Sounds neat, right? I so wish it was. I was hoping that the game would enlighten… that I might solve it before Armon… but, not really. In the end, I felt duped. There was no angelic chorus or warm fuzzies or even light chuckle to be had. The artwork is darn pretty though.
And the Garcia Lorca (view spoiler)[ I have raised three arches and with a clumsy hand have placed in them the muse, the angel and the duende. Through these empty arches enters a wind of the mind, which blows over the heads of the dead insistently, searching for new landscapes, accents we never knew. (hide spoiler)] quotes were swoon worthy.
“It occurred to me that the quiet in the suburbs had nothing to do with peace.”
I believe it is time for another identity crisis. It has been a few yea...more“It occurred to me that the quiet in the suburbs had nothing to do with peace.”
I believe it is time for another identity crisis. It has been a few years. My neurosis is making farm animals out of dust clusters in this particular corner and screaming to be taken for a walk. It’s time to lube up and face the fact that I might just be becoming one of those women that I want to kick in the shins with my doc martens and spit and spew snarky, inappropriate, gen x’er, manifesto-esque, Jenny Holzer Truisms back at their vapid expressions. Harsh? You think?
Except… I think… maybe it’s not so bad. I nod and smile at people in the village market. I balk at leaving the house after 8pm. I attend Family Fun Night at the local park. I read to the 1st graders at the elementary school. I like drinking wine on my deck. WTF? I have to doubt all my actions now. I’m losing my edge and it’s such a slippery slope into Dullsville.
Reading TGGTHAF did not numb this dark and stormy mood. I had heard from other readers that it let them down. I have learned from Papa Ingalls ‘…don't have expectations. Expectations in your life just lead to giant disappointments.’ (Seriously???… Highway to Heaven, my ass….) Still, I did go in with a bad attitude.
Thing is, I really did enjoy these little stories. They made me think back to college when I was reading Lust and Self-Help: Stories and wanting so much to emulate these amazing writers. I can’t fault Melissa Bank for doing what I always wanted to. Yes, there are the familiar scenarios: first love, jealousy, cancer, parental death, yadda yadda yadda… Christ, someone somewhere really should throw out some of these formulas. Damn writing teachers! ‘Write what you know!’ That’s fine if you don’t come across as clichéd or, god forbid, boring. What I like about these stories are that they center (mostly) on the same character, Jane, so you see her growth and still get to chuckle at her snarcastism. “he tried to smile, but it was just a shape his mouth made”.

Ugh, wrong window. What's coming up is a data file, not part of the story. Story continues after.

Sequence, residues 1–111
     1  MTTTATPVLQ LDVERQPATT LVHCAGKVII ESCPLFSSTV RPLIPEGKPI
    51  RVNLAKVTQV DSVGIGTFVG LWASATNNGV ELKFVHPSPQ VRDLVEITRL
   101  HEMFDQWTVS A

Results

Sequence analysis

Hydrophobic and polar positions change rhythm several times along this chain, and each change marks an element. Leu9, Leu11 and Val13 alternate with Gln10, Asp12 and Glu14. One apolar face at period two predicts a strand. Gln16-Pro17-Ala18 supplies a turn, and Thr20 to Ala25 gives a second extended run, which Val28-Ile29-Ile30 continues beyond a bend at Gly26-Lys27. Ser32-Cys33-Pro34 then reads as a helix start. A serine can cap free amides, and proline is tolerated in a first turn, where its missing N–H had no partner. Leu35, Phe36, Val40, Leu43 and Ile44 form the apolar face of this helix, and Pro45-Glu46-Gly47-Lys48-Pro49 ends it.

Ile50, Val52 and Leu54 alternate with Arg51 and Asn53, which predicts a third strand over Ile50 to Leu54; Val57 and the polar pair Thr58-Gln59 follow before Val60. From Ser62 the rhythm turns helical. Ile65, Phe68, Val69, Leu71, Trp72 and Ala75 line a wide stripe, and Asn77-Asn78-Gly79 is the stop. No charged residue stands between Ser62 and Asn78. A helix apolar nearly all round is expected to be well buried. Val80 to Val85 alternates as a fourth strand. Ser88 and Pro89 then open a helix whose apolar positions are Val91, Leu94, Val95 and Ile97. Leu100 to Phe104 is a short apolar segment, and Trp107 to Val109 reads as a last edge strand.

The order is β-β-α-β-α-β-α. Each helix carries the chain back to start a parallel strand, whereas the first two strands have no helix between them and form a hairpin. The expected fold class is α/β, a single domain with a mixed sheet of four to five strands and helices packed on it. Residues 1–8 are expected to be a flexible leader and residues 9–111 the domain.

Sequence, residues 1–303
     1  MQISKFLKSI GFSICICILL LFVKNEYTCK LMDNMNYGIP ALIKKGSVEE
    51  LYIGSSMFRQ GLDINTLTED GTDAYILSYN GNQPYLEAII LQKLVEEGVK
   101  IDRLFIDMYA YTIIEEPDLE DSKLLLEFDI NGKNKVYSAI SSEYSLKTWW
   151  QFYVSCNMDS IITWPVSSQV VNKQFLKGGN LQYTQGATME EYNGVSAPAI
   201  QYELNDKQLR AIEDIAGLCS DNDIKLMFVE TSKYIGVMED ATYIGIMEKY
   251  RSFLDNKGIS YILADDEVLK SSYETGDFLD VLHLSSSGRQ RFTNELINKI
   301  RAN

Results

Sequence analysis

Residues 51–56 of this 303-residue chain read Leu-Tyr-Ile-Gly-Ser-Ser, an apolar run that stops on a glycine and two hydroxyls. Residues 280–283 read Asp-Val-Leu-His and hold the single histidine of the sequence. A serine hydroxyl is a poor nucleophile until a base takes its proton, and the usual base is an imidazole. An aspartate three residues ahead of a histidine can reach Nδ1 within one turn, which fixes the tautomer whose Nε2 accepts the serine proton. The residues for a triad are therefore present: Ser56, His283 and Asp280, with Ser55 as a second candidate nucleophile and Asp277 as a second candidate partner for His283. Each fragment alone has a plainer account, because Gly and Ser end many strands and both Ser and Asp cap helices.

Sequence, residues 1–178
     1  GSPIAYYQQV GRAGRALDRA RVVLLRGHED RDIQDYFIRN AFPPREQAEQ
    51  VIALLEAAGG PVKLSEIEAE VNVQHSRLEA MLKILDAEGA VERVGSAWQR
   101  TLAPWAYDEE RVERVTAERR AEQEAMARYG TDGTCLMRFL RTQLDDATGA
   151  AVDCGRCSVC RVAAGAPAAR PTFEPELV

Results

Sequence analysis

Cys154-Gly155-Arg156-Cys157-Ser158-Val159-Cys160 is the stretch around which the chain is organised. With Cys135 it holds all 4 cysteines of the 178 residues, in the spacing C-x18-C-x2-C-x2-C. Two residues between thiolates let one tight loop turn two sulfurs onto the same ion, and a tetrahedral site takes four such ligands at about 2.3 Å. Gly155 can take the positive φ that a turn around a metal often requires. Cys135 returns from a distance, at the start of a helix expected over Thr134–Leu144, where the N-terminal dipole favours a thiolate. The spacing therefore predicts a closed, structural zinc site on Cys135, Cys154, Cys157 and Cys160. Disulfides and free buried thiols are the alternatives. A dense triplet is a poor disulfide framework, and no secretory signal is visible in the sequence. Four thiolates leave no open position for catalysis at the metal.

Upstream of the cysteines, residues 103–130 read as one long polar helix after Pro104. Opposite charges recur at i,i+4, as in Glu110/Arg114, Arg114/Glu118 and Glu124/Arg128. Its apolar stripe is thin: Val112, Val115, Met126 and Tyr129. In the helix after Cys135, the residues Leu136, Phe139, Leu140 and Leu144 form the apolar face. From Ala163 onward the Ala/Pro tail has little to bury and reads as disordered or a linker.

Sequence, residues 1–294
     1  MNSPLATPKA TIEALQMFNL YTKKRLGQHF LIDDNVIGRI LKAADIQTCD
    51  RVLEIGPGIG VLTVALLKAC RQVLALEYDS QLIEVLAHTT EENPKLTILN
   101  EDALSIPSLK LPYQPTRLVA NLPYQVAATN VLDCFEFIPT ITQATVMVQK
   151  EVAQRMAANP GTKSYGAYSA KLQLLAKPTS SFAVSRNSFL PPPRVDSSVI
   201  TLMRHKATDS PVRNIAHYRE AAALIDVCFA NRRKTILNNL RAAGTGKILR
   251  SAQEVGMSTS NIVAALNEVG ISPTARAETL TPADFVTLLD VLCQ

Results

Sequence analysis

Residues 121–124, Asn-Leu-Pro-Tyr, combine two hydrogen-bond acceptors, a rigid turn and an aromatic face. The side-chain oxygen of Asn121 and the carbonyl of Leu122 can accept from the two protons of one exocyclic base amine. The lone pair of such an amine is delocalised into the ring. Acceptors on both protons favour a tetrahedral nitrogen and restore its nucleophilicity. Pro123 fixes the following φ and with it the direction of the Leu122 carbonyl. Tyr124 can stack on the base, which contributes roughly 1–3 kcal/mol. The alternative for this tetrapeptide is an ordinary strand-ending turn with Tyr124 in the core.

There are so many times while reading that one-liners like this stopped me and made me read them again. To me, that makes it worthy of at least 3 stars. Bank brings it to the next level by making me care about this girl and to see the fault lines before the rumble. Sure, it’s all part of the plan but it still sucked me in. “When you mention antidepressants, he looks at you as though suddenly discovering that you have the depth of a Doublemint twin.”
The second-person-singular story “You Could be Anyone” amped this up to 4 stars. I am a sucker for this narrative. I always have been. It’s overly dramatic and it brings the story right to me. I am ‘you’ and I am just fine with that.
“At Christmas-and Hanukkah-and Kwanza time you’re blue because you don’t belong to a religion, and his---psychoanalysis---doesn’t have any holidays. He makes a candelabra out of wire hangers and duct tape. He lights sparklers and wings a prayer, listing what he believes in---“The Bill of Rights,” which he recites from memory, natural-grass baseball diamonds, and your breasts.”
Yes, there are many writers out there of this genre and cynics can say that Bank is just another wet squib. But, she’s one of my wet squibs. I see us as BFFs bantering and bumbling through girly girl things while drinking port wine out of the bottle and dribbling all down our Smiths t-shirts. Give me this so I can smirk at the next Junior High Spirit Night.
The title story is also a favorite of mine. The hunt for the perfect husband. The game that must be played to attract the right guy. Jane buys the guide to finding this elusive creature and it is filled with helpful suggestions such as: “Don’t be yourself!” “Say yes to everything you’re invited to!” “Don’t say ‘I love you’ first! Wear your hair long! Don’t bring up marriage!” “Don’t accept a date less than four days in advance!” “Don’t be funny!” “Don’t be negative!” “Keep him guessing!” “Get out there!” Gah… - talk about making your skin crawl.
There is one scene that especially seizes..and hasn’t let go. Jane is discussing how she and her suitable suitor have attended a series of one-act plays by David Ives. She talks about one in particular… TIME FLIES, “where two lonely but sweet young mayflies meet at a pond and really hit it off. Unfortunately, Horace and May watch a nature program on this first night out and discover they have a lifespan of only one day—and their lives are half over.”
“Leaving the theater, Robert and I are both dazzled and exuberant, talking at once and laughing, and we spontaneously kiss. He says, “I want to mate with you and die.”
There’s that whoosh of oxytocin that I’m looking for. The thing that makes me wonder if I’ll ever grow up and see that all of this as just fiction and that the more I want to believe the more that I will be let down. That I am severely close to becoming one of these and that I will lose the irony.